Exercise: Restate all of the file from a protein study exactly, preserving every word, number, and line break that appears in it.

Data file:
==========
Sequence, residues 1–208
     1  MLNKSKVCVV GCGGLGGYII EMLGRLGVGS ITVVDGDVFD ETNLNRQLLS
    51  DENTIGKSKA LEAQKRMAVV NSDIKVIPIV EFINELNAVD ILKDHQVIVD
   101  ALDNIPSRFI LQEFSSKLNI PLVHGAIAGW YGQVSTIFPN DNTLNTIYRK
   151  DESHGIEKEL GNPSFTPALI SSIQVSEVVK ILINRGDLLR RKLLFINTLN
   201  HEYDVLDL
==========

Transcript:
Sequence, residues 1–208
     1  MLNKSKVCVV GCGGLGGYII EMLGRLGVGS ITVVDGDVFD ETNLNRQLLS
    51  DENTIGKSKA LEAQKRMAVV NSDIKVIPIV EFINELNAVD ILKDHQVIVD
   101  ALDNIPSRFI LQEFSSKLNI PLVHGAIAGW YGQVSTIFPN DNTLNTIYRK
   151  DESHGIEKEL GNPSFTPALI SSIQVSEVVK ILINRGDLLR RKLLFINTLN
   201  HEYDVLDL